Mackay Pro Painters

The main difference between oil-based paint and water-based paint is the type of solvent each uses. Oil-based paints have an organic solvent in their paint makeup, usually in the form of mineral turpentine. Meanwhile, water-based paints primarily use water as part of their solvent.

There are also differences in terms of sheen quality in both oil-based and water-based paints. Oil-based paints have a high-sheen finish that can dull over time. On the other hand, water-based paints may have a low-sheen finish but can maintain its sheen quality longer than their oil-based counterpart. Both are commonly used by a painter.

In this post, we’ll discuss more on these two types of paints, where they are best used, and their pros and cons.

What is Water-Based Paint Best For?

Water-based paint is best used for exterior walls that are constantly exposed to outdoor elements. At the same time, they also are ideal for interior walls that get a lot of moisture throughout the day. These can include kitchens, laundry rooms, and bathrooms.

What makes water-based paint different is that it can be normally applied over existing oil-based paints, which simply isn’t possible the other way around.

What Are the Advantages of Water-Based Paint? (H2)

These are the advantages of water-based paint:

  • It offers a more pleasant experience to use since it has zero odour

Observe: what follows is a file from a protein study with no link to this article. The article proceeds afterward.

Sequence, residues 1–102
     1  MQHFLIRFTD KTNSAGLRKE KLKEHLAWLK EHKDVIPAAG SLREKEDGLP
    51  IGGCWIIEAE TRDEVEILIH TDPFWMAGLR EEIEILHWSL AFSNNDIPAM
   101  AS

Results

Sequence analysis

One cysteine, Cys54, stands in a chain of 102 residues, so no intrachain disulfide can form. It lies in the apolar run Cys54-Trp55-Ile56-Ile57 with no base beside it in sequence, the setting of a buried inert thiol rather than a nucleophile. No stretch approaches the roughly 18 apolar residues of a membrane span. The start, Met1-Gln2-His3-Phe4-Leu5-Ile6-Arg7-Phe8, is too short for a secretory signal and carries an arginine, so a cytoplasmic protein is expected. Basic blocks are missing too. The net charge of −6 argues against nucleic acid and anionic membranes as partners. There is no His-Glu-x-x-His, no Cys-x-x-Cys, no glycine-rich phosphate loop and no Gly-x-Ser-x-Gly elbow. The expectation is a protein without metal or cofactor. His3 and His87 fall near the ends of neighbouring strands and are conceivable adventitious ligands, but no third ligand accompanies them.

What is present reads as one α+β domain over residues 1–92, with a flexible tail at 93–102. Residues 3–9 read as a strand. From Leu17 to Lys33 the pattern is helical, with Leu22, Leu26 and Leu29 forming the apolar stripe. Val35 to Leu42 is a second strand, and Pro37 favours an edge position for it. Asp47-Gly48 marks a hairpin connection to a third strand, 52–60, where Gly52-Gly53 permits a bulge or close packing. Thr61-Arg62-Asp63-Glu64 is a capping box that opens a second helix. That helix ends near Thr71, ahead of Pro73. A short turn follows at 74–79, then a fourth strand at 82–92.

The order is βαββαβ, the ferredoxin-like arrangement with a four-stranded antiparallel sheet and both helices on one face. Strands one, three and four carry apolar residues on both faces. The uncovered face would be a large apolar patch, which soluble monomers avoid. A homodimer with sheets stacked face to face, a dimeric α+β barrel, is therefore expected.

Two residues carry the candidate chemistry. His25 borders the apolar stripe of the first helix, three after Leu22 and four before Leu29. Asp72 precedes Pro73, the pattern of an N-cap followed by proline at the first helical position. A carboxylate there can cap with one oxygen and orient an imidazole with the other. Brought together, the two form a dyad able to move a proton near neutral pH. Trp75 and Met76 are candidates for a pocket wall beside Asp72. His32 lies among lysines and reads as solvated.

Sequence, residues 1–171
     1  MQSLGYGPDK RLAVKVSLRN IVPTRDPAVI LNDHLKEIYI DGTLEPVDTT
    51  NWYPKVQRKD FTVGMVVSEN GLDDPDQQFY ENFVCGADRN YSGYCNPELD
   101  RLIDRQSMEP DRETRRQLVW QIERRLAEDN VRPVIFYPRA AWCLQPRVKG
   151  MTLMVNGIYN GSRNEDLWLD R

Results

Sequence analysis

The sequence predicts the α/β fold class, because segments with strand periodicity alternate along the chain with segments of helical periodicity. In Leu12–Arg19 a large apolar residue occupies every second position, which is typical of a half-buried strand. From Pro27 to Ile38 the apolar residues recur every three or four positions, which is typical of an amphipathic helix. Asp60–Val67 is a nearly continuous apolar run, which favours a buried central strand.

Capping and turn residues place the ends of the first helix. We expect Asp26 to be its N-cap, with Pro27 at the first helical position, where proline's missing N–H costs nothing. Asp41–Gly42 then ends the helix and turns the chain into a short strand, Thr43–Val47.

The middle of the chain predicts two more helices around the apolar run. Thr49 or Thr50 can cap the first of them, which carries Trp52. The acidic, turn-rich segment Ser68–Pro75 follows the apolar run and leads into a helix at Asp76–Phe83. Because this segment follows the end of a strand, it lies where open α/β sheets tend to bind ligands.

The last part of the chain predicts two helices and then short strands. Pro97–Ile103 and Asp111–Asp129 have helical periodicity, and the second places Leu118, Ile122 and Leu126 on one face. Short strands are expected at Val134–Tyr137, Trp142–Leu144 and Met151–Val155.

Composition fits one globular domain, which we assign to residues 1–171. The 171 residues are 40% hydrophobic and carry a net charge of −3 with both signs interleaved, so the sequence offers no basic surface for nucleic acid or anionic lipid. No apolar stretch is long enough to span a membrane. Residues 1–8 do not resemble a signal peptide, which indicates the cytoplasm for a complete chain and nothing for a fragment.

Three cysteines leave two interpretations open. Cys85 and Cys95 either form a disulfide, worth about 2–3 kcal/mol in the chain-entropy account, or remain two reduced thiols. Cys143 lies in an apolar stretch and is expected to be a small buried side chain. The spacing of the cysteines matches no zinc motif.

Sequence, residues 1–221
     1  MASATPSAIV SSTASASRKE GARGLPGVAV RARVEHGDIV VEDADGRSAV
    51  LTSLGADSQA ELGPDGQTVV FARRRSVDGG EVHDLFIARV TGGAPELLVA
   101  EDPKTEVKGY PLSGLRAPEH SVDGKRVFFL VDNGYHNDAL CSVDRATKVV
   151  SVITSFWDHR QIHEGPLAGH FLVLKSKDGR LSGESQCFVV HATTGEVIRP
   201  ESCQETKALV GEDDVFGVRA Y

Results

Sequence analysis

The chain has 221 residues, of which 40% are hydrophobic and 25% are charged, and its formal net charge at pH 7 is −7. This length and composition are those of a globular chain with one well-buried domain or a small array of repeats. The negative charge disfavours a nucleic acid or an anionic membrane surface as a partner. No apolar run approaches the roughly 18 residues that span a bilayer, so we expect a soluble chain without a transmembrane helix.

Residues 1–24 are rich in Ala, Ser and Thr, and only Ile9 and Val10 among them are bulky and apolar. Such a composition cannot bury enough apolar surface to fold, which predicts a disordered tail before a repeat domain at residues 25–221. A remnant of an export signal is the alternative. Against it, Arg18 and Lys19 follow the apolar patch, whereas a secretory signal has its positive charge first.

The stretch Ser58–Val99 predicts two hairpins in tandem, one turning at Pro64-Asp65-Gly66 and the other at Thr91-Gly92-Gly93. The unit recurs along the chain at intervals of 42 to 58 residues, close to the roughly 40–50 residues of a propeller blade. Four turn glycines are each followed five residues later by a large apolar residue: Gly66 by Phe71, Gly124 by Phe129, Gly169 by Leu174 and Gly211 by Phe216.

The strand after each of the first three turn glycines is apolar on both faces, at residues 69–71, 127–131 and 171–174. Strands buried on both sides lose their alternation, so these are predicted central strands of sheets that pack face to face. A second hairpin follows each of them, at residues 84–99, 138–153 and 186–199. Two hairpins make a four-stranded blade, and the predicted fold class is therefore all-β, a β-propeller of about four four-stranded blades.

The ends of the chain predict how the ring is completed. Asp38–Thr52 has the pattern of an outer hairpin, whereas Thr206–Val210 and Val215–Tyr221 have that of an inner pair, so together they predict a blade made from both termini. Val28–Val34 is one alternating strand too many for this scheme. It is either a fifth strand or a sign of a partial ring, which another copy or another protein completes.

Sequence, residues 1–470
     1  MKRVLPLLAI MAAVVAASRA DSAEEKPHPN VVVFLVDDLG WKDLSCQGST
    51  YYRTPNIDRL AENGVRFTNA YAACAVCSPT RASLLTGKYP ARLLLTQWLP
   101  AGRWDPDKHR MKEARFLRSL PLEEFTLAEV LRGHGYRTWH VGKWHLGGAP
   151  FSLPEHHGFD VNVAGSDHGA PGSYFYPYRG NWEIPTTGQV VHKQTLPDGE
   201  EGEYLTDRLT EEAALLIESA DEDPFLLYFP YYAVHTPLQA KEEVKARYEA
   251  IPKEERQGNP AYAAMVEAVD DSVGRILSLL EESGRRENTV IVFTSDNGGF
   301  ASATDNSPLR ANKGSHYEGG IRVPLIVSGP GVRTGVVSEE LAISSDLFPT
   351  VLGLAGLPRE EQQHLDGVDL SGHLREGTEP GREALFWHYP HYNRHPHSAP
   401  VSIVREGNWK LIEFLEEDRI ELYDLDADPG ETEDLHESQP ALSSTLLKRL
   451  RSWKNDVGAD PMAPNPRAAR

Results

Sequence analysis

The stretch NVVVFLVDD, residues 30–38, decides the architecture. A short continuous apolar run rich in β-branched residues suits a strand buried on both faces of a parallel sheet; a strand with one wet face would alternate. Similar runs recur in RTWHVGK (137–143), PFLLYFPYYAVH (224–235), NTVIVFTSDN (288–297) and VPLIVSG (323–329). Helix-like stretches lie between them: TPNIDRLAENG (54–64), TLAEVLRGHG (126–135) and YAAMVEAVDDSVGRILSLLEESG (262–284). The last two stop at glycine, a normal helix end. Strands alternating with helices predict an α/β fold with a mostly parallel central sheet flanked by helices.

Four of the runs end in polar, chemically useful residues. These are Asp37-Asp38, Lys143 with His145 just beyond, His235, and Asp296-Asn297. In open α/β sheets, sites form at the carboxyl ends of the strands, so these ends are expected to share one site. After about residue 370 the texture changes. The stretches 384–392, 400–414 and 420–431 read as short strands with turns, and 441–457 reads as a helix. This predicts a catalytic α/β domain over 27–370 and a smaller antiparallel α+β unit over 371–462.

• Water-based paint is easier to apply and also has a faster drying time
  • Paint cleanup is easier and doesn’t require special cleaners to do
  • Water-based paint is resistant to cracking caused by contractions

What Are the Disadvantages of Water-Based Paint?

The following are the disadvantages of water-based paint:

  • Water-based paint can easily be chipped and damaged from impacts
  • It’s not quite shiny, and trying to achieve a mirror finish is next to impossible
  • It takes longer to dry during lower temperatures or in high-humidity environments

What is Oil-Based Paint Used For?

Thanks to the extreme durability of oil-based paints and their ability to withstand constant impacts, they make for an ideal interior and exterior paint. Since the resin in this type of paint produces a hard, non-breathable coating, it also makes it resistant to rust and stains over time.

Using paint thinner, turpentine, and mineral spirits for any oil-based project can help you correct any issues during application. These products also help with the cleanup of brushes once done.

What Are the Advantages of Oil-Based Paint?

Here are the main advantages of oil-based paint:

  • It can achieve a smooth, high-gloss finish once applied
  • The surface of an oil-based coat can withstand wear and tear
  • It is capable of easily resisting resists stains and rust
  • It can also withstand changes in humidity and temperature

What Are the Disadvantages of Oil-Based Paint?

These are the disadvantages of oil-based paint:

  • Has a strong odour that can be quite invasive once applied
  • Oil-based paint can take a much longer time to dry than water-based paint
  • Extra care is needed to prep for house painting so as to prevent anything from making contact while the paint is drying
  • The paint can harden over time and split, mainly when its underlying surface shrinks